Willie G – Cutlery being found to be bent after being thrown in the air
Type of Spiritual Experience
A description of the experience
THE METAL-BENDERS” by PROFESSOR JOHN B. HASTED
There have been several reports of cutlery being found to be bent after being thrown in the air; Andrew G. has reported throwing paperclips in the air and watching them land in the shape of treble clefs. A stroboscopic photograph of a spoon bending in flight has been published by Japanese researchers.
Willie G. told me that he was able to bend metal in flight, but I soon found that it never happened when other people were present. It did not happen on video-camera either, so I arranged that Willie should be able to take his own stroboscopic flash photographs of swinging wires. Although he never succeeded in producing a photograph in which the metal specimen was straight in one flash and bent in the next, some of his photographs showed a bent specimen swinging from a thread, and bending more and more in consecutive flashes (ten per second). In one photograph the successive angles were 37.5°, 39.5° and 41.5°, in another 80°, 74°, 70.5° and 70°.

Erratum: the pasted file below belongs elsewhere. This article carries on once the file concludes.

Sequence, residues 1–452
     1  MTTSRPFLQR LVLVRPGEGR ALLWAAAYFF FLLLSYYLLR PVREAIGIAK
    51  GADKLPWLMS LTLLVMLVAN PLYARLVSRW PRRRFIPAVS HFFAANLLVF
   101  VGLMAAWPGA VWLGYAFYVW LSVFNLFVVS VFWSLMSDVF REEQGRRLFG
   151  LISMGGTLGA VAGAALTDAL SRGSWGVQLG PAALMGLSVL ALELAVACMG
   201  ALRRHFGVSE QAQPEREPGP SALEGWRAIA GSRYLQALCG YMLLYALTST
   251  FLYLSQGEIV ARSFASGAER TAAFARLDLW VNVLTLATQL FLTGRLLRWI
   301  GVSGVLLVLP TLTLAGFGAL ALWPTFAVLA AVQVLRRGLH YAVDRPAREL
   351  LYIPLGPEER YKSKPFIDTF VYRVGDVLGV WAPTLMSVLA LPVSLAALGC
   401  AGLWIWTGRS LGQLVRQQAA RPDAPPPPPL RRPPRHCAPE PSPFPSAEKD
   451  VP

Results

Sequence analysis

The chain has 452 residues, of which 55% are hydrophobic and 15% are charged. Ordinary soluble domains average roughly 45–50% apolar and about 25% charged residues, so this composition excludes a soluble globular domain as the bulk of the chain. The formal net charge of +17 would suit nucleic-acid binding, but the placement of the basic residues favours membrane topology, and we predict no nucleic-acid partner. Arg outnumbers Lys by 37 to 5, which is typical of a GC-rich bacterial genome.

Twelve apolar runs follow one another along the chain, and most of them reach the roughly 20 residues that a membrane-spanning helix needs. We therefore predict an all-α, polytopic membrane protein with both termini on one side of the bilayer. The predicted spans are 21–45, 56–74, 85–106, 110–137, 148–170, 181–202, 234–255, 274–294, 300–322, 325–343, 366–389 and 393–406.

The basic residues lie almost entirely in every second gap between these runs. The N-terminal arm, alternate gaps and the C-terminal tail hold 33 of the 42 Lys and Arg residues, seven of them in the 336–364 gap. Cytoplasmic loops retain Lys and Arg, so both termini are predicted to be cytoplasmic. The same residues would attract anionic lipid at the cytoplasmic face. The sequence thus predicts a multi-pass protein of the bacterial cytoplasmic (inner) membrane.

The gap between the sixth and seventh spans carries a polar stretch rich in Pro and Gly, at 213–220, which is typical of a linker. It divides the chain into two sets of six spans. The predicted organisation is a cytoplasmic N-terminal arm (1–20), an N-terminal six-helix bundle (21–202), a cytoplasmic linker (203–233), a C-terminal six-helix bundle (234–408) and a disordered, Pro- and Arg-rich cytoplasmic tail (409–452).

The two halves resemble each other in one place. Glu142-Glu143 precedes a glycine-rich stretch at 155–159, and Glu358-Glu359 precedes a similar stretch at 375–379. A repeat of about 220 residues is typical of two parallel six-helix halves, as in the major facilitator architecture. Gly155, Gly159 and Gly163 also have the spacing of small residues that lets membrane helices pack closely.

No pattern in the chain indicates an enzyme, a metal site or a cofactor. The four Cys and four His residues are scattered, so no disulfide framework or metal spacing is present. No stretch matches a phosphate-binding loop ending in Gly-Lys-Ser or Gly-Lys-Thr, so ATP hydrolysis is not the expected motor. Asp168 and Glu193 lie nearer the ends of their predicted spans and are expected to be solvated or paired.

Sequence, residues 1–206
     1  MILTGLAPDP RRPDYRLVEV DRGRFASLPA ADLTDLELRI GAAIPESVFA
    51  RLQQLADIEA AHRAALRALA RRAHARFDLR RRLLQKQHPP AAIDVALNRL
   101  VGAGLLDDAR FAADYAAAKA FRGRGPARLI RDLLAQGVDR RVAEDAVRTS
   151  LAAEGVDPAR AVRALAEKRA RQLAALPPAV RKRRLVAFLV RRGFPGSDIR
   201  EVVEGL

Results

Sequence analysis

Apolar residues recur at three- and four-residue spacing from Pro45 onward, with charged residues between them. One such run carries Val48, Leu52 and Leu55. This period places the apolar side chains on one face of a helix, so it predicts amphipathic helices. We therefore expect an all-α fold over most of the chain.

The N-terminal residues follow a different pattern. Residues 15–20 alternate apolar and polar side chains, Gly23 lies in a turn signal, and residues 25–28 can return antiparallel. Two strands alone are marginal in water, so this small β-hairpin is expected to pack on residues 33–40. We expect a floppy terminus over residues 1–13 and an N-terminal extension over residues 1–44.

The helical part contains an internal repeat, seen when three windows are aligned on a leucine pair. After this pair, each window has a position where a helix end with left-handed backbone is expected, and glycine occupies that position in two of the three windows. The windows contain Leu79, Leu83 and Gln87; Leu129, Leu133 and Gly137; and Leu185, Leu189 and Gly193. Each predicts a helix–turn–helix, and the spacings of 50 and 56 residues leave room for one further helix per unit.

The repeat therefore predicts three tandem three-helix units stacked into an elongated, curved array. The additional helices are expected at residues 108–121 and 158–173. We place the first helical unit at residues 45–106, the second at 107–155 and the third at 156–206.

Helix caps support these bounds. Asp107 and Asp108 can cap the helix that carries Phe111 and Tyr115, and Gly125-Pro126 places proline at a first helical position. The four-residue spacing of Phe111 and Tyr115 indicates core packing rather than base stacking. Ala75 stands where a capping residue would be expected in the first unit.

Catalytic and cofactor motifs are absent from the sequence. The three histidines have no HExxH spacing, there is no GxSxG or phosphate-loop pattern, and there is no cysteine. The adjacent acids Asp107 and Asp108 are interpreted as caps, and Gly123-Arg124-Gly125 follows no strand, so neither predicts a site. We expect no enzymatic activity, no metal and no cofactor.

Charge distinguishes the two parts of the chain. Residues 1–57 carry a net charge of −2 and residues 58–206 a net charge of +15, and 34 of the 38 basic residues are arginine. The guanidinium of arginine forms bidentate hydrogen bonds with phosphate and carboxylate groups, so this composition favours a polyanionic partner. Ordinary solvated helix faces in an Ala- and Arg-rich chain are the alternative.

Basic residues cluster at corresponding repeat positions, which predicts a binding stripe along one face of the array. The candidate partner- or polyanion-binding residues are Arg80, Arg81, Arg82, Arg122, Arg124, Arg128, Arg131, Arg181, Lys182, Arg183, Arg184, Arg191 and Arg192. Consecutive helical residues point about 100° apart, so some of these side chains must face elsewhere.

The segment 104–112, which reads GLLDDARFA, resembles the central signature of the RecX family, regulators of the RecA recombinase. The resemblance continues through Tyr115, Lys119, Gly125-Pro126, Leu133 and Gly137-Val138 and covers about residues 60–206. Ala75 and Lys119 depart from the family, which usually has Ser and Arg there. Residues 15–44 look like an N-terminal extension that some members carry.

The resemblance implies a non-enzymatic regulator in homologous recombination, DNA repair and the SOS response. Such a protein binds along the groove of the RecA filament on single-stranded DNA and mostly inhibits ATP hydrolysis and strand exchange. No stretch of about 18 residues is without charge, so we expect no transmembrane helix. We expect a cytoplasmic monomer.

What interfered with Willie’s efforts to achieve a better photograph was his apparent production (very possibly by paranormal means) of unwanted effects on photographic film. When he felt he had timed his ‘power’ to coincide perfectly with the camera shutter operation, he would find he had produced a Polaroid print covered with inexplicable images.
I believe it is likely that Willie did in fact cause metal specimens to bend in flight, but the experimental proof is not as watertight as could be wished.
Willie and his family of course knew nothing of my proposed ‘surface of action’, but they did form an opinion that the bending in flight could be affected by placing a heavy piece of metal on the floor. The specimen seemed to bend as it flew past it, although this was impossible to see with any certainty.
It is tempting to interpret these reports in terms of a surface of action stationary over the heavy piece of metal; as the specimen flies through the stationary surface, it receives a strain pulse and may well be deformed. Most of the specimens used in these attempts were lengths of 2 mm diameter tinned copper wire, very easily deformed.